The other thing we need to be doing is providing answers to developers. It’s not enough to express concern about SHA-256, or wonder how much better the attacks on SHA-1 will become. Developers need to know what hash function to use in their designs. They need an answer today. (SHA-256 is what I tell people.) They’ll need an answer in a year. They’ll need an answer in four years. Maybe the answers will be the same, and maybe they’ll be different. But if we don’t give them answers, they’ll make something up. They won’t wait for us.
And while it’s true that we don’t have any real theory of hash functions, and it’s true that anything we choose will be based partly on faith, we have no choice but to choose.
And finally, I think we need to stimulate research more. Whether it’s a competition or a series of conferences, we need new ideas for design and analysis. Designs beget analyses beget designs beget analyses…. We need a whole bunch of new hash functions to beat up; that’s how we’ll learn to design better ones.
I continue to be impressed by the turnout at this workshop. There are lots of people here whom I haven’t seen in a long time. It’s like a cryptographers’ family reunion.
The afternoon was devoted to cryptanalysis papers. Nothing earth-shattering; a lot of stuff that’s real interesting to me and not very exciting to summarize.
The list of papers is here. NIST promises to put the actual papers online, but they make no promises as to when.
Right now there is a panel discussing how secure SHA-256 is. “How likely is SHA-256 to resist attack for the next ten years?” Some think it will be secure for that long, others think it will fall in five years or so. One person pointed out that if SHA-256 lasts ten years, it will be a world record for a hash function. The consensus is that any new hash function needs to last twenty years, though. It really seems unlikely that any hash function will last that long.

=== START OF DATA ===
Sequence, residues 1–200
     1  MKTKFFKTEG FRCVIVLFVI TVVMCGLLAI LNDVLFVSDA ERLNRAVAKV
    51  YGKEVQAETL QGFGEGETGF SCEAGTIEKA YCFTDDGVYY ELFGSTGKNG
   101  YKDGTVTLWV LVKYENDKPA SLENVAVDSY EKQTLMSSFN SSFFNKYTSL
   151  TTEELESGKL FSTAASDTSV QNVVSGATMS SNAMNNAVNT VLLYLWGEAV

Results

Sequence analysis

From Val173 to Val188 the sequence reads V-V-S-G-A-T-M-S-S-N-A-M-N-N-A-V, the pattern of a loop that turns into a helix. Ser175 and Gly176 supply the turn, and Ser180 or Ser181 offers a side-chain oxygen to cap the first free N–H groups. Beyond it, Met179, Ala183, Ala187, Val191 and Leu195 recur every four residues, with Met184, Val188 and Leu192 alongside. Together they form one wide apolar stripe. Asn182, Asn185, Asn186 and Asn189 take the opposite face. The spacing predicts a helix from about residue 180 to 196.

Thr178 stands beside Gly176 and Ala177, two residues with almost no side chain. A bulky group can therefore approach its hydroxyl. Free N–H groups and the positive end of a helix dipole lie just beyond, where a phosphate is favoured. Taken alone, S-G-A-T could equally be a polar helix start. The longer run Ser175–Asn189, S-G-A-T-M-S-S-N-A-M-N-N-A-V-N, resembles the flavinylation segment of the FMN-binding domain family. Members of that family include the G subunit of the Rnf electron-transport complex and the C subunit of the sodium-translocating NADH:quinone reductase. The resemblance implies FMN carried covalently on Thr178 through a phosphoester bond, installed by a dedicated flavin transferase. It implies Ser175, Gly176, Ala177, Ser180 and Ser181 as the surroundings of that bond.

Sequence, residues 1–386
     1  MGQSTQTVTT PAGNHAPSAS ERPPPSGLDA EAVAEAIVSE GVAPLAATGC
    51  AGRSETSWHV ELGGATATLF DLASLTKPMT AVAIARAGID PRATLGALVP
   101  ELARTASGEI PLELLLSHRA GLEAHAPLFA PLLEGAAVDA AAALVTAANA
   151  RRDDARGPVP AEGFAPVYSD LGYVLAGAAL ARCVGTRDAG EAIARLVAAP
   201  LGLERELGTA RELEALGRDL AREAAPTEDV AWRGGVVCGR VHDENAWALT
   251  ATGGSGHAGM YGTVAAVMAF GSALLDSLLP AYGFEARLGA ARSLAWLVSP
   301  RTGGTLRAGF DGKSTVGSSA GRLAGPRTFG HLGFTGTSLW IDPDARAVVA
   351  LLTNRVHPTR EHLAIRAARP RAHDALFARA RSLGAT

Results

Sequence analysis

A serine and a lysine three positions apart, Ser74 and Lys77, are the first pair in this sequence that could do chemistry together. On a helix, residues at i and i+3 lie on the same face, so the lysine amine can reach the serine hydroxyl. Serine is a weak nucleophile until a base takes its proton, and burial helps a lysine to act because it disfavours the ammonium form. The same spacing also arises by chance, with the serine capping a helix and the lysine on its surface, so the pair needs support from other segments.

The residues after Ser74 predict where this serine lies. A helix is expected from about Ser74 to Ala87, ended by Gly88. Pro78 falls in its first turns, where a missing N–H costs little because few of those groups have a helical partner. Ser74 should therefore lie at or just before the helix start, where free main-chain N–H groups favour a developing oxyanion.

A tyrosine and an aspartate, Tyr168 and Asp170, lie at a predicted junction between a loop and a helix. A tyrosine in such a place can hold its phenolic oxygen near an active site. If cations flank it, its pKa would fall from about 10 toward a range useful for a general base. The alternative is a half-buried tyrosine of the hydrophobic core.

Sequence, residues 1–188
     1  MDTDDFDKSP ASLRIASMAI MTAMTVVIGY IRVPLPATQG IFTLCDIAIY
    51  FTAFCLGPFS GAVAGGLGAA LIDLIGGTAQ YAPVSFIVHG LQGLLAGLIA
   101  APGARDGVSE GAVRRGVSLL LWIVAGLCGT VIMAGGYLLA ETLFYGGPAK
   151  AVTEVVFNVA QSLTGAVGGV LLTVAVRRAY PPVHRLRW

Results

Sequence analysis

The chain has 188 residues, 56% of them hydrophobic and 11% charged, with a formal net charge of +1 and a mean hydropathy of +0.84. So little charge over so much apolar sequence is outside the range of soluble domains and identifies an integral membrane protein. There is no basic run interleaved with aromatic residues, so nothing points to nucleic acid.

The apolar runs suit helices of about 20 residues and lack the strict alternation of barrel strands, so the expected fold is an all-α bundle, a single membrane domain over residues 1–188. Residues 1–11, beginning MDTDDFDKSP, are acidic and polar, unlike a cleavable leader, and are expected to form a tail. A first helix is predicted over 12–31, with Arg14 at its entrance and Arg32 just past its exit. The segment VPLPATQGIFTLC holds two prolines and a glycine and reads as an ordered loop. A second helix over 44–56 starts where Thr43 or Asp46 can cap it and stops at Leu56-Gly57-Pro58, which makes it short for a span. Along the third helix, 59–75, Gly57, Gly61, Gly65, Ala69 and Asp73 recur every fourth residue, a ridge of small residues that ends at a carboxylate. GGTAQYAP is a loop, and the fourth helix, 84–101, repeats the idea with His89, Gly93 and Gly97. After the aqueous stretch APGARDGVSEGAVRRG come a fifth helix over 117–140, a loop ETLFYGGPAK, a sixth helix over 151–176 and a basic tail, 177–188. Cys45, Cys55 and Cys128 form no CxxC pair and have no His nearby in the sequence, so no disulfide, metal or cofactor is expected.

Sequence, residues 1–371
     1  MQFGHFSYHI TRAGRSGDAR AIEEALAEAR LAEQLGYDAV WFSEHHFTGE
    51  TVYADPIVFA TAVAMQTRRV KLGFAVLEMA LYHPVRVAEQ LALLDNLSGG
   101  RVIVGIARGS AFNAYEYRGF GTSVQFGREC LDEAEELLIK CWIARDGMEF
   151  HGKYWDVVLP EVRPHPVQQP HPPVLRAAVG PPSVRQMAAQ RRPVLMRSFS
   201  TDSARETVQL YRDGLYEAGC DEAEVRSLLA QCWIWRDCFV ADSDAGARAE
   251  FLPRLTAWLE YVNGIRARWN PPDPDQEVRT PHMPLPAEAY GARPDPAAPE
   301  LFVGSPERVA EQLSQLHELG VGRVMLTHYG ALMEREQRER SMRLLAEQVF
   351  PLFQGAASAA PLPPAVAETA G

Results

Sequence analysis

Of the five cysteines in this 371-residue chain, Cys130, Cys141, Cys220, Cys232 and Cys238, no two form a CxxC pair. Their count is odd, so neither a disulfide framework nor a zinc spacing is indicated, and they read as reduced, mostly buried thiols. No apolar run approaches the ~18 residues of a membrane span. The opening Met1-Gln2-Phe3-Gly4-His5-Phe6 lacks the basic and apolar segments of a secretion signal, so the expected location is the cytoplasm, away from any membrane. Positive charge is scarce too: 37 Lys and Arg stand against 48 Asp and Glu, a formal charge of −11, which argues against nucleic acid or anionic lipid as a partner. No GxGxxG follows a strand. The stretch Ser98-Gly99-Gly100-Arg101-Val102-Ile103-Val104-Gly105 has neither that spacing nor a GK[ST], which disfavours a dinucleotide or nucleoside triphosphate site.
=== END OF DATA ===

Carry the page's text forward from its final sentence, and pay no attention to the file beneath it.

But the real issue is whether there will be any practical attacks. No one knows. Certainly there will be new cryptanalytic techniques developed, especially now that hash functions are a newly hot area for research. But will SHA-256 ever have an attack that’s faster than 280?
Everyone thinks that SHA-1 with 160 rounds is a safer choice than SHA-256 truncated to 160 bits. The devil you know, I guess.
Niels Ferguson, in a comment from the floor, strongly suggested that NIST publish whatever analysis on SHA-256 it has. Since this is most likely by the NSA and classified, it would be a big deal. But I agree that it’s essential for us to fully evaluate the hash function.
Tom Berson, in another comment, suggested that NIST not migrate to a single hash function, but certify multiple alternatives. This has the interesting side effect of forcing the algorithm agility issue. (We had this same debate regarding AES. Negatives are: 1) you’re likely to have a system that is as strong as the weakest choice, and 2) industry will hate it.)
If there’s a moral out of the first day of this workshop, it’s that algorithm agility is an essential feature in any Internet protocol.
In the morning we had a series of interesting papers: “Strengthening Digital Signatures via Randomized Hashing,” by Halevi and Krawczyk; “Herding Hash Functions and the Nostradamus Attack,” by Kelsey and Kohno; and “Collision-Resistant usage of MD5 and SHA-1 via Message Preprocessing,” by Szydlo and Yin. The first and third papers are suggestions for modifying SHA-1 to make it more secure. The second paper discusses some fascinating and cool, but still theoretical, attacks on hash functions.
The last session before lunch was a panel discussion: “SHA-1: Practical Security Implications of Continued Use.” The panel stressed that these are collision attacks and not pre-image attacks, and that many protocols simply don’t care. Collision attacks are important for digital signatures, but less so for other uses of hash functions. On the other hand, this difference is only understood by cryptographers; there are issues if the public believes that SHA-1 is “broken.”